We didn’t know what to expect as we were driven to the beach on the island of Djerba, where we were greeted by a row of barefoot Berbers on horseback.

Some saddles didn’t have  stirrups, but they all seemed to be glued to their horses!

They performed the most amazing acrobatics, galloping backwards and forwards across the sand, standing up and balancing on each other’s shoulders.

A camel stood calmly watching everything. It had a huge veiled container on its back which is apparently traditionally used to transport the bride to her wedding.

They seemed to perform for their own pleasure. Nobody was collecting any money.

When the horsemen finished their performance we all walked across the sand to the harbour, where a row of wooden pirate ships were moored!

Our galleon was called The Carthage and we all stepped gingerly aboard along the wobbly gangplank. Several pirates reached out their hands to assist us to step down onto the ship.

When we were all aboard, we were told to move to the front to assist the ship to get further out to sea as it was so shallow in the harbour.

Then off we set, travelling to Flamingo Island for lunch.

Several other galleons followed us.

Music played, and the crew climbed the mast and performed acrobatics. Then they climbed down and flirted with all the girls!

Flamingo Island isn’t really an island unless the tide’s in. It’s a sand headland; a peninsula.

Loads of flamingos stay there from October-February, then they migrate to South Africa and Siberia.

Tunisia is a popular stop-off for migrating birds.

As the Carthage made its merry way to Flamingo Island, we were accompanied by a very heavy police escort. Two speedboats, one on either side, travelled to and fro, filled with heavily-armed men, some wearing balaclavas.

A lot of the tourists were in Djerba for the Ghriba, the Jewish celebration, and as a bomb had exploded there in 2002, the Tunisians were taking no chances.

Read my previous article;


Approaching land, we could see several wooden buildings.

Each boat owner has his own area which he rents for entertaining his ‘crew’ of tourists.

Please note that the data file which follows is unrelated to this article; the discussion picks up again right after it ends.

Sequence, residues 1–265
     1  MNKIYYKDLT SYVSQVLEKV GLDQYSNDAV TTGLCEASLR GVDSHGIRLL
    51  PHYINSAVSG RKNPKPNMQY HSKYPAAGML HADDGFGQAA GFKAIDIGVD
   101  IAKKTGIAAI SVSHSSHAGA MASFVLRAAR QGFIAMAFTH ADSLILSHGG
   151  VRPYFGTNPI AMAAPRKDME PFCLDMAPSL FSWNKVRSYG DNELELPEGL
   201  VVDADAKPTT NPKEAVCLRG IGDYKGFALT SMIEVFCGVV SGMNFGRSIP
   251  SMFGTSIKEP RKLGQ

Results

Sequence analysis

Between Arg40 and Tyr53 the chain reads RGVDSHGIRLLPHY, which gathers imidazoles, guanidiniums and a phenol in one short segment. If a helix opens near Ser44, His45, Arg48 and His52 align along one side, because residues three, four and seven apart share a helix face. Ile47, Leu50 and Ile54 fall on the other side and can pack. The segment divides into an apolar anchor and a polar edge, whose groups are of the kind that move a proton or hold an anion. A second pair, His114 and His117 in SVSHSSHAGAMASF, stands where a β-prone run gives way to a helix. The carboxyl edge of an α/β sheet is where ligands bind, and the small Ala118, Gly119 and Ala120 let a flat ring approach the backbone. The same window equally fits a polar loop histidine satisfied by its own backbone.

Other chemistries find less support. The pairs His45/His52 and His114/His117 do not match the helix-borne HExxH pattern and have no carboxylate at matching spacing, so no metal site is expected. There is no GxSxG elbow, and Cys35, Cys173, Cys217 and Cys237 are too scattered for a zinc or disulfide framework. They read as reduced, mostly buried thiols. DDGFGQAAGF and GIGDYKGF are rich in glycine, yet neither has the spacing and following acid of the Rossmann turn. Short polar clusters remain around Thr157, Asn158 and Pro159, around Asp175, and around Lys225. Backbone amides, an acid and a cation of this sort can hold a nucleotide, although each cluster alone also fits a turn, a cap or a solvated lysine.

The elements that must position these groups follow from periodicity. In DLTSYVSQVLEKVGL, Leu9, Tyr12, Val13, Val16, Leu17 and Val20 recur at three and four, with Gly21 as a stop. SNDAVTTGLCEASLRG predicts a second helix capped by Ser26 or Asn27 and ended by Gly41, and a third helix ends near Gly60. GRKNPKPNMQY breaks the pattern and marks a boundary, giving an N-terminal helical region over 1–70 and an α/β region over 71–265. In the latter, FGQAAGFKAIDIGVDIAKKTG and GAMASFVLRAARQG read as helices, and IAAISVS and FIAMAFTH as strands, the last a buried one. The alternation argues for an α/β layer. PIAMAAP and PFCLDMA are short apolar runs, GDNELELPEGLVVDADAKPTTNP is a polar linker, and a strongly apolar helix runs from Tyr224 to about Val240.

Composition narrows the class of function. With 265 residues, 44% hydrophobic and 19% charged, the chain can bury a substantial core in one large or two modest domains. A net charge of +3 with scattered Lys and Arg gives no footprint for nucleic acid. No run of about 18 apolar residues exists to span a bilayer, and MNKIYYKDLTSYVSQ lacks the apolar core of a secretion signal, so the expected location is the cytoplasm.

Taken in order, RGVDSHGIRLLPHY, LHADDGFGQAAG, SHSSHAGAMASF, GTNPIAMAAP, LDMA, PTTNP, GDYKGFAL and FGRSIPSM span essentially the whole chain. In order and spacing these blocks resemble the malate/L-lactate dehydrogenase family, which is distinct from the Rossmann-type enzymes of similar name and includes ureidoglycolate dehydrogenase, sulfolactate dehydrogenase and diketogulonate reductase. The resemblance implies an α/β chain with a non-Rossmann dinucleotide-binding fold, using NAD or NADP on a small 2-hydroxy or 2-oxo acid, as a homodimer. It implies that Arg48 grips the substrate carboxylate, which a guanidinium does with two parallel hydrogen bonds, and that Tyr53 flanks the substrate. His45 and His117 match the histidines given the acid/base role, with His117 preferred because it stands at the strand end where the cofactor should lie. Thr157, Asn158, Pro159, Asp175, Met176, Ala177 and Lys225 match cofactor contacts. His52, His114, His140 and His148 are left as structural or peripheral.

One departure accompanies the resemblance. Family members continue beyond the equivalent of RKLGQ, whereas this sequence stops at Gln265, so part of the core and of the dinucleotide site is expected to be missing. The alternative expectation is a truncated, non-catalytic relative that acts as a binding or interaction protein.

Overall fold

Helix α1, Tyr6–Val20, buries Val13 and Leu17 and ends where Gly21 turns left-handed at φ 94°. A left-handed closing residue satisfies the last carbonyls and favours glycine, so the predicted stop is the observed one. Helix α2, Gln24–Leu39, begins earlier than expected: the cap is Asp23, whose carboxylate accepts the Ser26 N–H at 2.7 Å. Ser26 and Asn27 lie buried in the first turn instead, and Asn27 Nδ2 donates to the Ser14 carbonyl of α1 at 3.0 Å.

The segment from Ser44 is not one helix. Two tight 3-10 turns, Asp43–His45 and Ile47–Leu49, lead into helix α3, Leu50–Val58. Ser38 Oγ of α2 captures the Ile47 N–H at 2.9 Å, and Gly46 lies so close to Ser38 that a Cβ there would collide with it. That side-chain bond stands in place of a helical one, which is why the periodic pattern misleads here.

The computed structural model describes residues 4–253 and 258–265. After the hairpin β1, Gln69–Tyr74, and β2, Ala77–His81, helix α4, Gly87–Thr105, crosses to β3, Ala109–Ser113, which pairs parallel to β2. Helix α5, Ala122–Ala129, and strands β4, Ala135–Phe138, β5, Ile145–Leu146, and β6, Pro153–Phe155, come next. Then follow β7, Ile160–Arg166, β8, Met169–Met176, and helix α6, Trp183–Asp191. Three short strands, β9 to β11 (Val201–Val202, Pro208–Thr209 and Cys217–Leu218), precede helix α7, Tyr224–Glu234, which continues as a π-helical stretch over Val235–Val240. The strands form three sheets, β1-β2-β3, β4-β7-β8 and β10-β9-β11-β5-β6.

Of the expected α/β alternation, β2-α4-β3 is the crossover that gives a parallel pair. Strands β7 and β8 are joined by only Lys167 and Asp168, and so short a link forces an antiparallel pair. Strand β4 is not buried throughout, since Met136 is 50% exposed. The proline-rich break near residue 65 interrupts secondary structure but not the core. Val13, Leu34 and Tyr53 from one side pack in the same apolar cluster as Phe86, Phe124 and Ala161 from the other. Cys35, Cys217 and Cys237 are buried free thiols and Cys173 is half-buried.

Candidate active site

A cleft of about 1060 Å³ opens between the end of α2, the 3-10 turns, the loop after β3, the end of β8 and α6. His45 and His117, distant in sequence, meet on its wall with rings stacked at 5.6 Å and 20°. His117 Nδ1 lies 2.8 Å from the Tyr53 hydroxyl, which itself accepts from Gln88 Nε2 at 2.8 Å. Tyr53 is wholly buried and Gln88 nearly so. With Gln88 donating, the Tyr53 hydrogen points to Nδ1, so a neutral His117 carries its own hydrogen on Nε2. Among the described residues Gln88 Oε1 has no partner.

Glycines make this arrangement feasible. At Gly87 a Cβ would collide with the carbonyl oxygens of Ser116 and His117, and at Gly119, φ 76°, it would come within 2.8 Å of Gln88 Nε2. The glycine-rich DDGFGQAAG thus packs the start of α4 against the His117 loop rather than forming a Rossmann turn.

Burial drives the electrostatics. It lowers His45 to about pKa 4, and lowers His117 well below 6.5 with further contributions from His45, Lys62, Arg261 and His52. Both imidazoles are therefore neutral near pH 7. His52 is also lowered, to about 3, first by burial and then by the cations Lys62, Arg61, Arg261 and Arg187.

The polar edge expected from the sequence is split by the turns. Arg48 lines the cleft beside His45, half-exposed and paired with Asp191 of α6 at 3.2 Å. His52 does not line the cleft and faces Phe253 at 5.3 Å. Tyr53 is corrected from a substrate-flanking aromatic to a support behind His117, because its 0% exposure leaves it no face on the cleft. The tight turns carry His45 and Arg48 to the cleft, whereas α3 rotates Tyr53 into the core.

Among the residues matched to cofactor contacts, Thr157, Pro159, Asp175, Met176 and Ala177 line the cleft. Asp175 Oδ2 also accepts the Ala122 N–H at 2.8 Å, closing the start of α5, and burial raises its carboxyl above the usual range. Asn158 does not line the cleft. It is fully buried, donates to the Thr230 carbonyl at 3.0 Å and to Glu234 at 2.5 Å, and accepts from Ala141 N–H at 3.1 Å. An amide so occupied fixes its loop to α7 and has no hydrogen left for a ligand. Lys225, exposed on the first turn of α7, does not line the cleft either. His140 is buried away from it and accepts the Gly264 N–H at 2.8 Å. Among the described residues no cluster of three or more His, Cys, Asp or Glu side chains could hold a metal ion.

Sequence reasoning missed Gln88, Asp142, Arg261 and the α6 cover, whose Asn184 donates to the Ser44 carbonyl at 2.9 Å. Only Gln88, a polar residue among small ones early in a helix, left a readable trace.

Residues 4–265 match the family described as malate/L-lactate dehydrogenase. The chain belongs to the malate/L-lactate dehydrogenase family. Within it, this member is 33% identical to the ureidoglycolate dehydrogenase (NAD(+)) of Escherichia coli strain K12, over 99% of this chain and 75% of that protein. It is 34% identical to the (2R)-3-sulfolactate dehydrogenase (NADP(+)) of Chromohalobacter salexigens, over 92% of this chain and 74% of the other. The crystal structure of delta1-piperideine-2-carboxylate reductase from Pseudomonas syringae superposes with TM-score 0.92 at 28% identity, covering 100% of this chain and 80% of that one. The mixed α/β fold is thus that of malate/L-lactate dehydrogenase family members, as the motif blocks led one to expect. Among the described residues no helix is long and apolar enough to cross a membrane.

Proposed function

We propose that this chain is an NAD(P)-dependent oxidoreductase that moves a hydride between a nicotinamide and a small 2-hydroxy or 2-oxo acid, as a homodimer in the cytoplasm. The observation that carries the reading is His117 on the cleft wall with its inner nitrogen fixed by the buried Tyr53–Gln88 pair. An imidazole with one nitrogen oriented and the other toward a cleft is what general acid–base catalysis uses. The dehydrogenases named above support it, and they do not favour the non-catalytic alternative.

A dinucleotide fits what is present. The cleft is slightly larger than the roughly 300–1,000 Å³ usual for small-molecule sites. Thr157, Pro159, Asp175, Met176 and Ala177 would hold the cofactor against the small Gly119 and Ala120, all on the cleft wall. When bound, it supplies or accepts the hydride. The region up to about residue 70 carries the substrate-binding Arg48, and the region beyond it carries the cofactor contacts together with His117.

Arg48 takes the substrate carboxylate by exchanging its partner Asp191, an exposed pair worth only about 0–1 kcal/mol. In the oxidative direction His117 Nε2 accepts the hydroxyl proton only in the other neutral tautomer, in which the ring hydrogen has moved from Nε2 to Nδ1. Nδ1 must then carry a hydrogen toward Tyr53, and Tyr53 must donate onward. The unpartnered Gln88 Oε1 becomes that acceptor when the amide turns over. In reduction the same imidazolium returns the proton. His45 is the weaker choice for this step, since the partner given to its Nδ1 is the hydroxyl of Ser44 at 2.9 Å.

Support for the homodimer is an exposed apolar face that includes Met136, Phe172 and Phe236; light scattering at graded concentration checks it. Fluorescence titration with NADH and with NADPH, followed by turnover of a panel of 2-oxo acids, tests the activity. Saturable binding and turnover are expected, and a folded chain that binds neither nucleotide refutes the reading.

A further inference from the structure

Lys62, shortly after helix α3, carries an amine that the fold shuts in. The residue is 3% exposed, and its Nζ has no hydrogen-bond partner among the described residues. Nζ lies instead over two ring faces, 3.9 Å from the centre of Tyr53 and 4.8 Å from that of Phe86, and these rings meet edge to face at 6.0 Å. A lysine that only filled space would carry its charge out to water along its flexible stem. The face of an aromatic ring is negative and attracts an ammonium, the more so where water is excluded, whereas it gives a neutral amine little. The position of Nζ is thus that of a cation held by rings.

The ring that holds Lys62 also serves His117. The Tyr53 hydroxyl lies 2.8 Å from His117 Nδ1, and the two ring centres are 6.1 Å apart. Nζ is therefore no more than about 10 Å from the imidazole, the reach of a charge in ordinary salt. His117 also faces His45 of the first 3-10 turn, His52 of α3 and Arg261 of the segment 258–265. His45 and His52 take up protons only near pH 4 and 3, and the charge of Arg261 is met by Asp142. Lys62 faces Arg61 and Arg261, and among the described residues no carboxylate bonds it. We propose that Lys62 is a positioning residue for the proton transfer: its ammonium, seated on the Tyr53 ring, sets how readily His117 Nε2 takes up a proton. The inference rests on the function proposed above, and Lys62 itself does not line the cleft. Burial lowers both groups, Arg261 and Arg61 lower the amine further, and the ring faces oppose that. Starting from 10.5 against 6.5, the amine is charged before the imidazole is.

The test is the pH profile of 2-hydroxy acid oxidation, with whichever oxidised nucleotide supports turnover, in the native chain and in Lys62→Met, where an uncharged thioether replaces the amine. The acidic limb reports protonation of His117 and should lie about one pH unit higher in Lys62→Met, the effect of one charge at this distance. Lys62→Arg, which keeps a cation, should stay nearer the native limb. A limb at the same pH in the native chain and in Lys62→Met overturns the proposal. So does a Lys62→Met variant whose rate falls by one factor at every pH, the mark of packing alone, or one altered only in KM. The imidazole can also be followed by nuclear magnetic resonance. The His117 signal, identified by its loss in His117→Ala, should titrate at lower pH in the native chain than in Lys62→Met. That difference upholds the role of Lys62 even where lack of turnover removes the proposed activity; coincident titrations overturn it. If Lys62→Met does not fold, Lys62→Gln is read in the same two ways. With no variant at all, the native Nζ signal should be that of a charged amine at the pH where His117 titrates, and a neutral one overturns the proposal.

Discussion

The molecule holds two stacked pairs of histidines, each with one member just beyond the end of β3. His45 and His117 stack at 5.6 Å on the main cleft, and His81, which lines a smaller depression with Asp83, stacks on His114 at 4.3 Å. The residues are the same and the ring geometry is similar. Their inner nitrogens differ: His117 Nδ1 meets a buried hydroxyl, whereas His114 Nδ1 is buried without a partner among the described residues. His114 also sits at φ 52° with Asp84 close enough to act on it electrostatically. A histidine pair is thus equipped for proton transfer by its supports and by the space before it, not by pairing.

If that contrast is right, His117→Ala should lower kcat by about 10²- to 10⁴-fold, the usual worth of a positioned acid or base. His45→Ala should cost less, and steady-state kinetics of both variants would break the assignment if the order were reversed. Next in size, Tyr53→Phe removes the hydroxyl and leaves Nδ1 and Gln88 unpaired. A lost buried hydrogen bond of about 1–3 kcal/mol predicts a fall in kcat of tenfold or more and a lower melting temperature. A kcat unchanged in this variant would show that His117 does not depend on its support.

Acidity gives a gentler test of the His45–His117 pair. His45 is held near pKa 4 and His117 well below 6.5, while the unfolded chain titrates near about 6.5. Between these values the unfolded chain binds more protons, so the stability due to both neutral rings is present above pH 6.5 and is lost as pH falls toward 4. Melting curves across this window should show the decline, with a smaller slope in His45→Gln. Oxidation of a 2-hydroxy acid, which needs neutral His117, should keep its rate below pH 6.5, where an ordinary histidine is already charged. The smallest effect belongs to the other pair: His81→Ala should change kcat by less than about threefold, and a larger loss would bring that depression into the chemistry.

As we landed, we could smell delicious wafts of barbecuing fish, and see curling smoke in several sheds.

It was a very hot day. We all split into groups. Some of them headed for the sandy beach, some stood around talking or walked around exploring, and some of us sat at the long wooden tables in the cool circular dining-room, which was lined with palm fronds to protect us from the fierce sun’s midday rays.

Gradually everyone congregated at the tables around us and the barbecue was carried in.

I’ve rarely tasted such delicious fish. They’d all been simply cooked and their fresh flavours were wonderful!

We had sea bass, known as loup de mer, or sea wolf in Tunisia, and dorade, which is sea bream. It’s a small, silvery fish a bit like snapper.

There were huge bowls of couscous, and smaller bowls of salads which were placed on our tables along with crusty bread and butter.

No need to rush or queue; there was plenty for everyone, and most of us went back for second helpings.

The first course was cleared away. I’ve never been waited on by a pirate before! Then a selection of Tunisian sweets was served.

While we ate, a group of pirates went from table to table, singing and playing. They really added to the happy atmosphere!

It was time to go. We all piled back on board the Carthage and headed for home.

We were travelling with the tide, accompanied by our military guards, and, hard as it is to believe, there was a lovely breeze which was almost cold!

The bar served beer, water and Coke, the pirates performed their trapeze act dangling from the masts, and then they danced with their favourite females.

They must have some of the cushiest jobs in Tunisia. I bet there’s a waiting list!

Everyone agreed that it really is an excellent day out.

Being British and part of a Nanny Nation where we’re nagged and instructed everywhere we go, we were surprised that the journey doesn’t start with a safety talk.

I checked, and each Captain has the names and Nationalities of every passenger.

A maximum of 178 passengers is allowed per Galleon.

There was a history of piracy in Tunsia, dating from the 16th Century. They were known as Barbary Pirates, Barbary coming from the word Berber. They were very fierce, and notorious all along the Mediterranean coasts, and further afield.

Today’s ‘pirates’ are completely harmless!

Prices and details of trips are available from hotels, who arrange the trips.